Here at the Wrap, we’re determined not to dwell too much on the Royal Commission into Banks.

So when Your Life Choices, an excellent newsletter for the retired or about-to-be retired, published a story suggesting another bank was in trouble, our interest was naturally piqued.

“Are cracks appearing in the ‘Bank of Mum and Dad?’ Asked Janelle Ward this week.

Apparently, a Melbourne mother has taken the unusual step of suing her son over unpaid loan fees. And lawyers say is becoming common.

“Five years ago, you’d get maybe one (court action) a year,” David MacKensie, co chair of the Law Institute of Victoria told “This year, I would have handled at least three or four – and we’re only in March.

“The terrible thing about these things is if mum and dad are getting on and are near the retirement phase, they will effectively be putting money out of their pension pool into this property. The idea that could be at risk and affect the parents later on is also a pretty horrifying prospect.”

Time for another Royal Commission!

Insurance for the uninsurable – now that’s a brilliant idea

Talking of the Royal Commission. This week’s hearing is setting a brisk pace.

The highlights: The Commonwealth Bank sold Credit Card Plus insurance to customers who couldn’t possible have availed themselves of its security.

It was designed to help if they fell on hard times. Some 64,000 customers had been sold insurance policies while unemployed, rendering them ineligible to make a claim. One month later the bank would write to ASIC saying that only 27,800 customers were affected.

The ANZ’s general manager of home loans, William Ranken, admitted the bank only considred income when assessing customers for home loans.  They didn’t care about expenses.

And Irene Savidis, an angry customer of the Commonwealth Bank, appeared to explain how she was sold insurance of her income…even though she was unemployed.

Gotta love those bank salesmen.

The painful rise of interest rates

Peter Costello is a revered former treasurer.  So when he speaks, many listen.

His view this week: Rising interest rates are on the cards, and will have “painful” consequences for the housing market and Australia’s highly indebted households.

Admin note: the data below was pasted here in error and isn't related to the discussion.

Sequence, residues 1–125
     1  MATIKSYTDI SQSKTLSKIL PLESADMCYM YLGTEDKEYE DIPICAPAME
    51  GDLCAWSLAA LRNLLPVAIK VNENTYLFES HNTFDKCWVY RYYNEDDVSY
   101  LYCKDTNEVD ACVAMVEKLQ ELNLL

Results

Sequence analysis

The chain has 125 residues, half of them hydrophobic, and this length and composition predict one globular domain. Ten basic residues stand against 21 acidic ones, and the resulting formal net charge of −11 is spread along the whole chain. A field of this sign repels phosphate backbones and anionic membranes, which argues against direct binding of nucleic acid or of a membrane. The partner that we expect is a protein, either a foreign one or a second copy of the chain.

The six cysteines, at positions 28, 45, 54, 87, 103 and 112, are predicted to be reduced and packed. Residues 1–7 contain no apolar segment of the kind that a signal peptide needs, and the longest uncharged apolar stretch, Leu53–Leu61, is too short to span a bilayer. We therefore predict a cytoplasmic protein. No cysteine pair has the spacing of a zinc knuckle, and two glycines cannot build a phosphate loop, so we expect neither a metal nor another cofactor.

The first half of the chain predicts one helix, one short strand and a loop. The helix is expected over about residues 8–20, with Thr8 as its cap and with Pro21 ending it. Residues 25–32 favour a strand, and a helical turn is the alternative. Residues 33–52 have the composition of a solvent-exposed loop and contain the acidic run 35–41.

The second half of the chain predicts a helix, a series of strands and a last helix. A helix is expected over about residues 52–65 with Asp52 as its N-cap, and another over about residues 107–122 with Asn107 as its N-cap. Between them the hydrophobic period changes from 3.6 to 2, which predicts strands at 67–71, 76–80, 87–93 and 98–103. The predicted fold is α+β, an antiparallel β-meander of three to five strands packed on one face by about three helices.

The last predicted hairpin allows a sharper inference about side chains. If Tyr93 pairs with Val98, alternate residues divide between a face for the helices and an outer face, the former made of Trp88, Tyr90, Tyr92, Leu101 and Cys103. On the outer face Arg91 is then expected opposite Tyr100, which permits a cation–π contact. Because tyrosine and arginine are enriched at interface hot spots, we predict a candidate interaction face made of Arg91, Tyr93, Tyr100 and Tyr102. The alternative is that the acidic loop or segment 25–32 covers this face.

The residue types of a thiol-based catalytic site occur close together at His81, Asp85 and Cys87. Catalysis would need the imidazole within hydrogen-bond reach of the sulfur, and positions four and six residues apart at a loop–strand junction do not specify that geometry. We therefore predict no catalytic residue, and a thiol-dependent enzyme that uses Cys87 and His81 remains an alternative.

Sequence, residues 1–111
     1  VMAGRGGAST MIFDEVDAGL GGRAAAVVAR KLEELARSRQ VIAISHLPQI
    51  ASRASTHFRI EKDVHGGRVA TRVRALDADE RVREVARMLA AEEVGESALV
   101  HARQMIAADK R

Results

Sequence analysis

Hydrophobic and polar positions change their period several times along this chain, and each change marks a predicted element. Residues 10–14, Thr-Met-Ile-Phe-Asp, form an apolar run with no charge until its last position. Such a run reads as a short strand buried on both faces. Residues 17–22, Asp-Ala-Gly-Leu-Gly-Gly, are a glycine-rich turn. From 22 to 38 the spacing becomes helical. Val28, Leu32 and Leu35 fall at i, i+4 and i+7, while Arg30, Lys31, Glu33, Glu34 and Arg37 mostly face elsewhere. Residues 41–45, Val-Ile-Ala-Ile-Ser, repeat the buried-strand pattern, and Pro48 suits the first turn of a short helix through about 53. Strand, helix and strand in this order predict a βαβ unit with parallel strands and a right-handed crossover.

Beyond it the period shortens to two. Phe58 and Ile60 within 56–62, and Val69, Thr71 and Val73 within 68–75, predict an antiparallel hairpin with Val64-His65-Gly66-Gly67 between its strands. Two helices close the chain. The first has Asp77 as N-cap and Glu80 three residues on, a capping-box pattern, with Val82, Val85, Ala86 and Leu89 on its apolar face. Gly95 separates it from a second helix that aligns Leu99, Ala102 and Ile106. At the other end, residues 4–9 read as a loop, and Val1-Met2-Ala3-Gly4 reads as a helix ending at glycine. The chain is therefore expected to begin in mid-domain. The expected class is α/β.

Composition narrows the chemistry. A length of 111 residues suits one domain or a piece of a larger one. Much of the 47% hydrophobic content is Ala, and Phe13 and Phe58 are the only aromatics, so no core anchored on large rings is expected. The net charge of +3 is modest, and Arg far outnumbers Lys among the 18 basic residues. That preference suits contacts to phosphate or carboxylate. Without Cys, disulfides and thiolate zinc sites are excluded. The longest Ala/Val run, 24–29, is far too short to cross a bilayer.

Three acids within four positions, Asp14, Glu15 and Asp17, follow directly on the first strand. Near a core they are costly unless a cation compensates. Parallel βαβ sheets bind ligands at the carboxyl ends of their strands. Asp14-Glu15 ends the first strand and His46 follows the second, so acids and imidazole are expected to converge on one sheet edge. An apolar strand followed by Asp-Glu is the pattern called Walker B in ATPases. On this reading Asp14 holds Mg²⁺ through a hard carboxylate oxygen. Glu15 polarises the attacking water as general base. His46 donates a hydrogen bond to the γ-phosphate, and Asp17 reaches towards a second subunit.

Australia’s cash rate is now 1.5 per cent,  but was 7.5 per cent a decade ago. But now the US Federal Reserve has started to normalise interest rates – and that means the pressure is upward.

“If money is more expensive, asset prices must fall. Not all prices in every situation but overall they must fall,” the Australian reported Mr Costello telling the Urban Development Institute of Australia conference.

“It’s going to be slow and it could be painful and the question is will it be a hard landing or a soft landing but it’s going to be a landing.”

Rapidly-rising interest rates in the US and increasing global funding costs are putting pressure on Australian banks.

Suncorp Bank this week said it would be hitting owner-occupier borrowers with a five basis point increase, which would leave them with a standard variable rate of 5.6 per cent.

Investors will face an eight basis point hike to standard variable loans, taking the rate to 6.07 per cent. Borrowers with interest-only loans will be slugged a 12 basis point hike, leaving owner-occupiers with a 5.77 per cent rate and investors with a 6.49 per cent rate.

“Funding costs have been steadily rising since the end of October,” Suncorp Bank boss David Carter said. “This has been driven by the outlook for US interest rates, as well as domestic factors.”

Meanwhile, hosue prices are moving downward.

They are Subdued in Sydney – with house (as opposed to apartment) prices falling up to 4%,  according to Moody’s Analytics using Corelogic’ Hedonic Home Value Index.

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